I saw my bestest friend Kris today. She had her first child, a boy, about a month ago. She asks me, “Why didn’t you tell me? Why didn’t you tell me what this would be like?”
Kris and I have known each other for almost 10 years. If there was anyone I’d tell the truth to about motherhood, it would be her. I did my best, during her pregnancy, to answer her questions without sugarcoating anything. I tried to convey the tiredness and exhaustion. She said things like, I’ve been tired before, don’t worry. And I knew she had been pretty tired and strung out before, believe me when I say she hasn’t had an easy life. Basically, her responses were a variation on one of the following, “It can’t be that bad” “That may happen to some people but it won’t happen to me because xxxx” “Don’t they sell xxx product for that?”
It was nearly impossible to pucture her illusions. I made sure she had plenty of reading material. In addition to all the Sears books and related things, I lent her Operating Instructions, Mother Shock, the entire Girldfriend’s Guide series, Ariel Gore books, Misconceptions, and Mothers Who Think. There were more that I can’t remember.
And she was still shocked to pieces by the experience of becoming a mother.
I started thinking back to some of the conversations that we had about impeding motherhood, and I started to wonder if I had pulled any punches at the last minute. Did I turn up the corners of my experience into a reassuring smile?
It’s hard to know where to draw the line between truth and reassurance. I start telling, and then I see these saucer eyes and hands wringing and I wonder whether I’m doing this pregnant woman a disservice by giving her too much to worry about. What if her baby doesn’t do this and I’ve worried her for nothing? What if she doesn’t experience this feeling and then she thinks I’m insane?
And then there’s the old worry: What if my experience is irrelevant to her because I didn’t become a mother in the normal way?
I’m out of touch with this because I had the Alice in Wonderland of first pregnancies, when nobody talked about the joy of being a mother in my earshot. It was all about the difficulty, the pain, the burden. With my adoption plan in place, this is all I could allow to filter through. So when I was standing half asleep in a dark hospital room with the newborn Ellie in my arms (because she needed me to be swaying and bouncing, not sitting or sleeping, and I was not about to waste one precious minute that I had with her), I was not in the least bit surprised. It was awful, it was everything everyone said it would be. What shocked me was the exhilaration and my body’s ability to use that exhilaration for fuel after five days with no sleep. I was floored by the love and joy nobody told me I would feel. By the time I had Naomi I had integrated both truths: the wonderful and the horrible. When Naomi was born nothing shocked me.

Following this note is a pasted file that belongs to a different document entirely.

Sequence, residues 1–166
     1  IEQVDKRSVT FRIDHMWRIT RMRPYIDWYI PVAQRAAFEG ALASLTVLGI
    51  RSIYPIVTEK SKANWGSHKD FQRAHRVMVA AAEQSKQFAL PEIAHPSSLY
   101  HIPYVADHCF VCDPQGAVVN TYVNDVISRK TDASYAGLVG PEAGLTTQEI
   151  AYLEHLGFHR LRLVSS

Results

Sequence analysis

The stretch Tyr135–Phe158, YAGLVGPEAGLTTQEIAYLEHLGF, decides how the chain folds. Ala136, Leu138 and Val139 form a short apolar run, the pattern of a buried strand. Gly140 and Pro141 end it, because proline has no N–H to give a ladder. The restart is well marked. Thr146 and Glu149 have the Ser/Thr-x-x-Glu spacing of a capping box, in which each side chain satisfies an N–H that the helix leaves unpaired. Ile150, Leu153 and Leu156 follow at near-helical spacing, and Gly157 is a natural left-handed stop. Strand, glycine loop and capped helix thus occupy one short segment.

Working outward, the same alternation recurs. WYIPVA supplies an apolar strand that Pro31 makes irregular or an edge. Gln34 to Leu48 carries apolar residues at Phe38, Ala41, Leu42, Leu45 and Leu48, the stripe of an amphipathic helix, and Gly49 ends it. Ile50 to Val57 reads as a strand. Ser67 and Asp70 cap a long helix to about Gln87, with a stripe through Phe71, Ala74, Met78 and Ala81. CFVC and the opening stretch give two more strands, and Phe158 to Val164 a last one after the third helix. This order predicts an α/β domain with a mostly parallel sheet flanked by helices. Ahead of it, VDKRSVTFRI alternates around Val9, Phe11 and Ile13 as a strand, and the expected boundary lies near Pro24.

In some ways I feel like I couldn’t have prepared Kris for how it would feel, since my experience was so different from hers (and from everyone else’s that I know). I was high on gratitude for months after Naomi was born. I suppose only a mother who had lost a baby feels that way. I don’t know. I accepted the sleeplessness and lack of control as par for the course. I never expected it to be any different. WIth some experience I can say that Naomi wasn't an easy baby, but she wasn't a "high needs" baby either. I felt like I got soooo lucky whenever she would let me put her down.
When I first discovered Mother Shock, my immediate response is “what’s so shocking?” Why did people expect motherhood to be without negative feelings or a dark side? I didn’t get it. People get their dream job, and of of course there are going to be aspects about it they don’t like. People marry the love of their lives, and there are bound to be bad moments. That’s normal. Why did they expect motherhood to be this shining trancendant thing?
It took me a while to see motherhood from the perspective of a woman who has done most things right and been a reasonable success in her life. A woman who comes into motherhood with a feeling of competence and mastery in every other area of her life is in for a shock indeed. Whereas my perspective was “Everyone says I’m not ready, this is really hard and exhausting, that I have no idea what I’m getting into, but I’m going to do it anyway and muddle through because my psyche is giving me no choice. Become a mother or rot on the vine. So here I go…” It must be all about expectations.
I had an email correspondence with another birthmother awhile back. We talked about the relative ease which we slipped into motherhood compared to most people we knew. We both felt the same…it was like slipping into perfectly fitting pair of shoes. It felt like relief.
I am always comparing my experience of becoming a mother with the experience of “most people”. It never ceases to amaze me how different being a birthmother makes me. I would never dare tell my mommy friends how good I felt for Naomi’s first few months. Most of them don’t even know of my previous experience. It would take too long to expain my pathological happiness at caring for a newborn.
I explained it to someone obliquely once: my life before Naomi was unfufilling and unhappy. Why would I long for it?